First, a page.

US 6443006 B1 Abstract A fluid level sensor and a method of operating the oil level sensor to measure the fluid level and dielectric strength of the fluid substantially simultaneously. The fluid level sensor having a compensator capacitor normally fully submerged within the fluid and a linear capacitor variably submerged as a function of fluid level. Oscillators convert the capacitance of the linear and compensator capacitors into a first and second frequency respectively. A processor uses the two frequencies and calibration data stored in a memory to calculate the fluid level and dielectric strength substantially simultaneously. The dielectric strength calculation may be based upon an offset from the second frequency from a known frequency of a known dielectric strength. The fluid level calculation may be based upon a ratio of a numerator to a denominator where the numerator is a difference between the second frequency and a second focal point frequency, and the denominator is a difference between the first frequency and a first focal point frequency.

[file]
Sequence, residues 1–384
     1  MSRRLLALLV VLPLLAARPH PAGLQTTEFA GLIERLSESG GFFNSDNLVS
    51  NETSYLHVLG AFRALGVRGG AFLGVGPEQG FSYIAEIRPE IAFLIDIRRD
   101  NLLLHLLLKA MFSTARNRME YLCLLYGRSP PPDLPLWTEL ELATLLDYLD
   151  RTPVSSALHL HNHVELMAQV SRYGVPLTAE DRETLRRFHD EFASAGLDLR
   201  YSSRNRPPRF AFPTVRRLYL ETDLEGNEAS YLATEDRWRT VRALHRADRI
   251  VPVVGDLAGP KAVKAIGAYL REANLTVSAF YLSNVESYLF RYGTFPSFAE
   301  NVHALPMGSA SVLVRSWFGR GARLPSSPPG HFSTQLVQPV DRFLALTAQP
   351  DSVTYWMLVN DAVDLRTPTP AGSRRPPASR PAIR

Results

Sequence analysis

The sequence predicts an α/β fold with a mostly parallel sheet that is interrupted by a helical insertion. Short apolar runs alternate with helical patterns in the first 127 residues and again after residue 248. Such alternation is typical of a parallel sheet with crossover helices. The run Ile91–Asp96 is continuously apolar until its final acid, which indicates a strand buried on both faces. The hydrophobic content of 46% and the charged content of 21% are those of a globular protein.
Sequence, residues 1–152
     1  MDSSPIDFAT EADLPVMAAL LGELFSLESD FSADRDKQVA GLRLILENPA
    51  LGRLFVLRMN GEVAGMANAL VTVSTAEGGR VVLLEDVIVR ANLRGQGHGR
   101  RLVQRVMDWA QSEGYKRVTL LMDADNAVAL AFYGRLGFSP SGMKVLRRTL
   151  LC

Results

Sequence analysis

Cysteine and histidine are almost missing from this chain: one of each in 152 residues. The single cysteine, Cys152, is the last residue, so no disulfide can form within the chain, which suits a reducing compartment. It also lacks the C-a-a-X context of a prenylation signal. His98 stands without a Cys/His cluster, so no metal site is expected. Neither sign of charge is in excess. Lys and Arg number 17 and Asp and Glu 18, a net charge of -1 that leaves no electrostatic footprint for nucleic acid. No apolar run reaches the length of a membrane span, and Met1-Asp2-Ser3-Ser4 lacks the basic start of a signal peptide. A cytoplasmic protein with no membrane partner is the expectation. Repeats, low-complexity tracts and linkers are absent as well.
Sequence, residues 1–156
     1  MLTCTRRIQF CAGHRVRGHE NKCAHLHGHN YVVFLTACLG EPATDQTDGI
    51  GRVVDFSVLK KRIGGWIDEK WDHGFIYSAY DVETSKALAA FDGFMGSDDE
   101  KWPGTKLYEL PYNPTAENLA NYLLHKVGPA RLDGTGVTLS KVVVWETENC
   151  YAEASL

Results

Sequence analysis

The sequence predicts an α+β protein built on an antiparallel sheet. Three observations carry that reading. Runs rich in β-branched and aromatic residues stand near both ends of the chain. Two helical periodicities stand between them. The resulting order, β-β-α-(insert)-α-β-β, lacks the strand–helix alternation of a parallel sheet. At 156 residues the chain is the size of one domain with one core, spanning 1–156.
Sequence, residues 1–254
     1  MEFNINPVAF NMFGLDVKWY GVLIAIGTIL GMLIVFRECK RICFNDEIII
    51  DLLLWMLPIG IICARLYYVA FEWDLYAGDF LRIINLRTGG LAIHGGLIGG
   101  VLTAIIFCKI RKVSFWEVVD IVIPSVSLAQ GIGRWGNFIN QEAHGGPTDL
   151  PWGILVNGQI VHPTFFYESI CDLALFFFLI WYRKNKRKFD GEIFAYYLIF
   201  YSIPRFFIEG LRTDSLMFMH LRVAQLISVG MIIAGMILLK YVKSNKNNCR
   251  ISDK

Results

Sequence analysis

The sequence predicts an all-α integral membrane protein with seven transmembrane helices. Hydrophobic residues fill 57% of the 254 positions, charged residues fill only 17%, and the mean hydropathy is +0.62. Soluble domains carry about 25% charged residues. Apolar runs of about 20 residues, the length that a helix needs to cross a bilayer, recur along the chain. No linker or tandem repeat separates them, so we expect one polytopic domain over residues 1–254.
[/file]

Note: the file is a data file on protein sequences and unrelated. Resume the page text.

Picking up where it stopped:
Claims(24) 1. A sensor for measuring a dielectric strength and a level of a fluid above a predetermined level in a container, the sensor comprising:
a linear capacitor disposed within the container to engage the fluid while the level of the fluid is above the predetermined level, the linear capacitor having a first capacitance that is sensitive to the dielectric strength and the level of the fluid above the predetermined level;
a compensator capacitor disposed within the container and submerged in the fluid when the level of the fluid is at least as high as the predetermined level, the compensator capacitor having a second capacitance that is sensitive to the dielectric strength of the fluid and